As you may recall, an Atlanta Journal-Constitution investigation in June found that Grady Memorial Hospital was holding some 1,500 packages of the evidence, stored in boxes known as rape kits, on the mistaken idea that federal privacy rules blocked their release to police. Grady’s CEO says the hospital is trying to get them in the hands of the proper law enforcement agencies as fast as possible.
Other cities have prepared themselves for this kind of deluge of evidence by forming multi-agency task forces, consulting teams of experts, creating new protocols or hiring additional staff. In Ohio, these efforts have led to hundreds of indictments and DNA matches.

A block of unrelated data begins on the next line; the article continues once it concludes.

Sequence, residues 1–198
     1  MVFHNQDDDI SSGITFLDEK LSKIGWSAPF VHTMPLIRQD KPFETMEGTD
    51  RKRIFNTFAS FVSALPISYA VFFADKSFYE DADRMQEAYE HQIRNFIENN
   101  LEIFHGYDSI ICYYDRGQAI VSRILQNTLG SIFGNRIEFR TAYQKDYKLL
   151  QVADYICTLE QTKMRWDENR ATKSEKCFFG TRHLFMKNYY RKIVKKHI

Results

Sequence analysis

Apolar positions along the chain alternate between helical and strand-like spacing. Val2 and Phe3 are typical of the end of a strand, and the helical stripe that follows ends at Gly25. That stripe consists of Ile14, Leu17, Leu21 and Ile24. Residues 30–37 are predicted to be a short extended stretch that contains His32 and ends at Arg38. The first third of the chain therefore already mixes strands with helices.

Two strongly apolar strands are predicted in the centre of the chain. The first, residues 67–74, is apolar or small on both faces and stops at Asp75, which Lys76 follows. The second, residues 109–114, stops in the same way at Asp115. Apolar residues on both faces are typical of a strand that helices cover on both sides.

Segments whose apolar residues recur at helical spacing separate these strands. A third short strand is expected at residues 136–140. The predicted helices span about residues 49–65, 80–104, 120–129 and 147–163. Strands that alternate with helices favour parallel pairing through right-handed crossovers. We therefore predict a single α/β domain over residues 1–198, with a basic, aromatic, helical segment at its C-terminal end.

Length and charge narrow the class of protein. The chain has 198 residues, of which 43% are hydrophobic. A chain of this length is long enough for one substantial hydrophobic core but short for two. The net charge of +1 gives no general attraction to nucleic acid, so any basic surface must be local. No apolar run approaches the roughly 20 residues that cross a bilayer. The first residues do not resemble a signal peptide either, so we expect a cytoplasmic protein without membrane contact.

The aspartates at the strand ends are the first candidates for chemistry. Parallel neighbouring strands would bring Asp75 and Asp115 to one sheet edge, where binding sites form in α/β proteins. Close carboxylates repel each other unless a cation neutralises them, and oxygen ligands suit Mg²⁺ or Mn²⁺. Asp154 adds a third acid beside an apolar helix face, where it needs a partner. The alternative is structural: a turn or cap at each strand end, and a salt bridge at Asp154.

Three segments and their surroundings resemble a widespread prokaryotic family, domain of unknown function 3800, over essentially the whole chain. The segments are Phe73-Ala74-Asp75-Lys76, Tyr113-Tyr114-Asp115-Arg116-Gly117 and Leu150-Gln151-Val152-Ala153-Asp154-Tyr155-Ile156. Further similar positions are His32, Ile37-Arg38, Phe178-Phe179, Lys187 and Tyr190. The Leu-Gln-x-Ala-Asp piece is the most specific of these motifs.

By contrast, Atlanta’s response has been low key. None of the agencies interviewed by the AJC expects the kits to lead to big increases in their caseloads. All expect to process them using existing procedures.
This could be a problem. There is no statewide protocol for deciding which ones to test, which cases to re-open, and how to handle cases where no law enforcement investigation was ever done. And other communities have discovered that deciding what to do with old, untested rape kits is more complicated than they expected.
You can find out why at myAJC.com.